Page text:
Sunday, July 4, 1999
Pulled out of the stands into a career
BY JOHN ERARDI
The Cincinnati Enquirer
Don Johnson grew up in Covington. White youngsters had a baseball team, and Mr. Johnson said the only way they let him play is if he would catch - the team had no catcher's equipment.
Don Johnson was a second baseman for the Chicago American Giants (1949-51) and the Philadelphia Stars (1952).
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Mr. Johnson took what he could get.
"I didn't care," he said. "I'd get right behind the batter. If you stay down low and don't raise up, you don't get hit as much. Stay down low and protect your face with the glove."
It was a game between the Indianapolis Clowns and the Chicago American Giants at Crosley Field in 1949 that started Mr. Johnson's career. He was 22 years old. He paid $1.50 to get into the game and sat next to Chicago's dugout.
Pat Patterson, Chicago's catcher, recognized him because he had seen the young man play fast-pitch softball for the Cincinnati Hottentots.
Wingfield Welch, Chicago's manager, told Mr. Patterson to have Mr. Johnson go out to the bus and put a uniform on and that afterward they'd talk about playing pro ball.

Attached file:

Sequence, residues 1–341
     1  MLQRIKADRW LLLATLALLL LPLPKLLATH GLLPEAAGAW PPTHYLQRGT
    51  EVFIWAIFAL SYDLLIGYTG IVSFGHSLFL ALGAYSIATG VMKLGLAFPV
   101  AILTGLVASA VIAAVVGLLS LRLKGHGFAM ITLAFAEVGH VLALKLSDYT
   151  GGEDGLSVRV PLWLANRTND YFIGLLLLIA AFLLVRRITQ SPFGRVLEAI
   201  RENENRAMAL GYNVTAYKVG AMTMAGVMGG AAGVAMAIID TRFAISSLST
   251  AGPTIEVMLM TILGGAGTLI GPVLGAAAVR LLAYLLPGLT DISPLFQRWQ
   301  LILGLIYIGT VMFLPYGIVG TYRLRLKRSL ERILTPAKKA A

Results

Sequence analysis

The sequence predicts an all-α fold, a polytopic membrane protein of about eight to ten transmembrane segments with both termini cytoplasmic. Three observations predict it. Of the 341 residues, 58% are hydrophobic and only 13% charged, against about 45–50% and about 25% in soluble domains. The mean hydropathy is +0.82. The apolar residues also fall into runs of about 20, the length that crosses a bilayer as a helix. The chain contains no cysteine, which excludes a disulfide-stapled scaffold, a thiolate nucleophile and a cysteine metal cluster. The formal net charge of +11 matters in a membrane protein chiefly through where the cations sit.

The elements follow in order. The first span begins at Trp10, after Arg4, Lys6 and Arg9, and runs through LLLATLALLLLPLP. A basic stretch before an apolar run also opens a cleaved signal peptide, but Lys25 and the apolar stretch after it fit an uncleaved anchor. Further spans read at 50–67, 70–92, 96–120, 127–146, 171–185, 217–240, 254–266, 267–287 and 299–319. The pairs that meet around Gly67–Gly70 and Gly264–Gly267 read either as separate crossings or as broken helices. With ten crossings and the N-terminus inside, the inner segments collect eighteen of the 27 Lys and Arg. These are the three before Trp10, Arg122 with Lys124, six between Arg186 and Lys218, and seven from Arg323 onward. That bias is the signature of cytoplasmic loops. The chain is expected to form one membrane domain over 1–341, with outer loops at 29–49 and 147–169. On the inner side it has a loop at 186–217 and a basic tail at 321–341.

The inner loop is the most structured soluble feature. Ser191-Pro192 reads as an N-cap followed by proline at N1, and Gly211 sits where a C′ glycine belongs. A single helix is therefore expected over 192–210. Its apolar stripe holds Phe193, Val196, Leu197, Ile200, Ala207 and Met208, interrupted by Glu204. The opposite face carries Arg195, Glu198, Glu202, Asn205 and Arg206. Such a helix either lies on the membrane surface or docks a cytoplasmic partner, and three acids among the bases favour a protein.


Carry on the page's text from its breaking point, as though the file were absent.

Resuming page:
"Wait a minute!" Mr. Johnson told them. "I paid a dollar-and-a-half to get in here. Gimme my dollar-and-a-half back."
Mr. Patterson and Mr. Welch laughed uproariously and reimbursed the kid his 12 bits. It turned out to be a good down payment: Later that year, he hooked on for good with the American Giants and a career was born.
One of his favorite stories was the time the Chicago American Giants were barnstorming through Mississippi, and the team's bus driver ran a red light.
"The cop pulled us over. He said, ŚHey, boy, did you see that red light?' The bus driver said, yeah, I saw it. ŚWell why'd you run it then?' the cop asked him. He said, ŚWell, I saw all the white people goin' through on the green, and I know y'all don't want us doin' what the white people do. So, I went through on the red.' The cop laughed a good one and said, ŚGo on, get out of here!' "
It was Mr. Patterson who gave Mr. Johnson the nickname Groundhog because of the way he rode low to the dirt and gobbled up ground balls. Mr. Johnson's shortstop for awhile in Chicago was Cincinnatian Larry Raines. They were teammates of Satchel Paige in 1951.
Mr. Johnson's favorite Satch story - everybody has one - is the night against the Baltimore Elite Giants when Mr. Paige told his teammates he would not be using his curveball that night. Strictly fastballs.
"I'm gonna blind these suckers tonight," ol' Satch said.
And that's just what he did, Mr. Johnson recalled.
"Struck out 12 of 'em in nine innings, all fastballs."
Mr. Johnson still plays baseball in the White Oak League on Tuesday night. Still plays second base.
"I love it just as much as when I was a kid," he says. "Wouldn't want to catch anymore without a mask on, though."
Negro League Stories